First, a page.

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Balancing Low Stakes vs. High Stakes Assessments

The Breakdown

Studies have shown that balancing the use of low stakes and high stakes assignments and assessments in determining a course grade tends to improve the performance of all students while also specifically promoting the success of historically under-represented/under-served students in such a way as to reduce course-level equity gaps. The particular positive impact on these student populations may be based on reductions to Stereotype Threat.
Determining what qualifies as a low stakes assessment or assignment is usually straightforward. Quizzes, weekly homework assignments, one-page reflection papers, credit based on measures of student engagement, and other formative assignments would typically be considered low-stakes. Midterm exams, final exams, and major end-of-semester papers or projects and other summative assignments.

Comparing Low and High Stakes Assessments

Explanations Low Stakes High Stakes
Basic definition An assignment or assessment that will  not , by itself, have a “major” impact on the overall course grade. An assignment/assessment that is explicitly described to students as more about process and determining a measure of their progress (i.e. formative) rather than something used to determine final course mastery. Typically regarded as significantly less rigorous than high stakes assessments. An assignment or assessment that does have a major impact on the overall course grade. These are more typically summative assessments designed to assess mastery of the course materials or some portion of the course materials, and are often described in those terms to students. Typically regarded as significantly more rigorous than low states assessments.
Give me the numbers! A rough guide is that no single low stakes assessment should represent more than 5% of the overall course grade. It is not unusual for a single high stakes assessment or assignment to represent 25% or more of the course final grade.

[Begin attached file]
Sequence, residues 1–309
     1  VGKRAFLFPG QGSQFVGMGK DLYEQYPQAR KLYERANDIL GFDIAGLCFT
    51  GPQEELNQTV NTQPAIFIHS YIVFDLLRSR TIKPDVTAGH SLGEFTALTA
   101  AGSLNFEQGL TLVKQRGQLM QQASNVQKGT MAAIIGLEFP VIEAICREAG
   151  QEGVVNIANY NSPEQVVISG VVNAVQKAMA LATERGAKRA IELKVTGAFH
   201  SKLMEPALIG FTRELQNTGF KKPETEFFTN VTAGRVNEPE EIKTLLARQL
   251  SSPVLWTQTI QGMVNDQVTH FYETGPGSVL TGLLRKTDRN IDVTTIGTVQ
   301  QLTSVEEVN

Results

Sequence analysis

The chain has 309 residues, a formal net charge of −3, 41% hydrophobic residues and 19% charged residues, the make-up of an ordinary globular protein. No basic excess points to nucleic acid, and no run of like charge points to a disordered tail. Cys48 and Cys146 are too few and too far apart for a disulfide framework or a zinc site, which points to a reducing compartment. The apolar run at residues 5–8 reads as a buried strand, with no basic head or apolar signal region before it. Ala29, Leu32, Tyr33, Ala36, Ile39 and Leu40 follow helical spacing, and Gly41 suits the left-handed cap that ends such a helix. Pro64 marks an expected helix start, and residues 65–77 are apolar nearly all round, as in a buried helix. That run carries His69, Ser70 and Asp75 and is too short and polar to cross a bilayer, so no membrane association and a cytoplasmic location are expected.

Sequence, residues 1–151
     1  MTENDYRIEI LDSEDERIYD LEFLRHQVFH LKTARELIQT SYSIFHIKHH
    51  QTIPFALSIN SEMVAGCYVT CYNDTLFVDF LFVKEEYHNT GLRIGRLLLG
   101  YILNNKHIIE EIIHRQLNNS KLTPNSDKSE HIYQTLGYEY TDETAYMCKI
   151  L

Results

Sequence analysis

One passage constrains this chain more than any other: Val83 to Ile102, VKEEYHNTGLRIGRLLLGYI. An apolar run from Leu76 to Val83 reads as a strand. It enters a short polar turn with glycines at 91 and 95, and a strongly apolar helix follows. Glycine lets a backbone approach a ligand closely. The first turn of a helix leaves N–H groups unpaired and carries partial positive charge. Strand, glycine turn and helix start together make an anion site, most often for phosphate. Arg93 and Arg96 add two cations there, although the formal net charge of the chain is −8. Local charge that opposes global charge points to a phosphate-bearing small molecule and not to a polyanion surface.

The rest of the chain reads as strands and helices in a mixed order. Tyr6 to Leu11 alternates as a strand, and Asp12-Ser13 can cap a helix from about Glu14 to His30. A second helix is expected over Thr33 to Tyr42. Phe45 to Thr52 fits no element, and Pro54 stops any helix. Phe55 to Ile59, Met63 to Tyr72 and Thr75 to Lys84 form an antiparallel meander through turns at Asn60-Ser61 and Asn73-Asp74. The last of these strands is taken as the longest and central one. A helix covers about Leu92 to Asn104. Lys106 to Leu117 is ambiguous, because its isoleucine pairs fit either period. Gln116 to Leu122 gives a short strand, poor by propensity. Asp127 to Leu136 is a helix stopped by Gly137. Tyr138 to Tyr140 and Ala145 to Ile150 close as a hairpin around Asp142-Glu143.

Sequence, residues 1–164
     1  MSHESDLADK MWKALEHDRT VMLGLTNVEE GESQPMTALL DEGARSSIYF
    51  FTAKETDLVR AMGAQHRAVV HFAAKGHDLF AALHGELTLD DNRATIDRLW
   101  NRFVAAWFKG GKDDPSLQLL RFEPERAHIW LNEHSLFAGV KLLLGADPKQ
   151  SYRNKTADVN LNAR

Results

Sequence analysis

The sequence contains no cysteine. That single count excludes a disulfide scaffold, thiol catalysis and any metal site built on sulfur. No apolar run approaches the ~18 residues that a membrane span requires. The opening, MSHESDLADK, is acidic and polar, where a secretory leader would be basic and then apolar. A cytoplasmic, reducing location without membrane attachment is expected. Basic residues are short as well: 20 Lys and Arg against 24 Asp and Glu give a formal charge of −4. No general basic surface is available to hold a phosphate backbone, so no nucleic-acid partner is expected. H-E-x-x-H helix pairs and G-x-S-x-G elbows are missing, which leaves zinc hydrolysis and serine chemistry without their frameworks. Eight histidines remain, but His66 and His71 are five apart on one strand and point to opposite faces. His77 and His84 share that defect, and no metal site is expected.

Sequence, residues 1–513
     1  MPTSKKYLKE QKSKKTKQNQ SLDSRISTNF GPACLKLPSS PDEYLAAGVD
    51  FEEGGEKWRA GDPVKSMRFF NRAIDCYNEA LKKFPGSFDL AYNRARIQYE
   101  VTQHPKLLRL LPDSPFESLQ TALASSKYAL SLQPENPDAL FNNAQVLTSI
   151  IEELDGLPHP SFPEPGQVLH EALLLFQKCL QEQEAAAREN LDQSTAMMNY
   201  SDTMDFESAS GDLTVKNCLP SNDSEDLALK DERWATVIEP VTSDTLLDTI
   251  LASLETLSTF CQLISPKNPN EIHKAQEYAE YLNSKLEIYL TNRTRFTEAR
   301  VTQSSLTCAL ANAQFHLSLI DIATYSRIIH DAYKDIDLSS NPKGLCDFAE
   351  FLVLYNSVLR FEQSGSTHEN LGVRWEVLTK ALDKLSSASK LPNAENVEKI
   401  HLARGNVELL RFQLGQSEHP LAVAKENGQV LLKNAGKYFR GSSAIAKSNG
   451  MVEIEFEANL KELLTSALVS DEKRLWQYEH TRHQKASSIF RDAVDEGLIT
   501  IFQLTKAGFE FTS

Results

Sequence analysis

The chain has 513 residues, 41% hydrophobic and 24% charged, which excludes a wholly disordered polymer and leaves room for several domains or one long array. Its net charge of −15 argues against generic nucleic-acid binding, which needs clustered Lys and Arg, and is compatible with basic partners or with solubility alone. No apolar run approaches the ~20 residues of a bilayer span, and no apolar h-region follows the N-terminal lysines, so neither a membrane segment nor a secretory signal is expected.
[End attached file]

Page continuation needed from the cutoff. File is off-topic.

What’s a good balance? Research indicates that allocating total points such that low stakes assessments represent at least 50% of the overall course grade improves the performance of students overall, while also helping to reduce equity gaps. Research indicates that allocating total points such that high stakes assessments represent no more than 50% of the overall course grade improves student performance overall, while also helping to reduce equity gaps.
Typical examples Short quizzes, weekly homework assignments, points based on measures of engagement/ attendance, in-class, short reflection/reaction assignments Midterm exams, final exams, final course papers or projects


Aiming for a 50/50 split between low stakes and high stakes assessments is a good starting point, although the structure of a particular class or department-wide course standardization may need to be considered.  Nevertheless any effort to increase the number of low-stakes assignments relative high-stakes ones may be beneficial.

Supporting Literature

Ertmer, P.A. and Newby, T.J. (2013), Behaviorism, Cognitivism, Constructivism: Comparing Critical Features From an Instructional Design Perspective. Perf. Improvement Qrtly, 26: 43-71.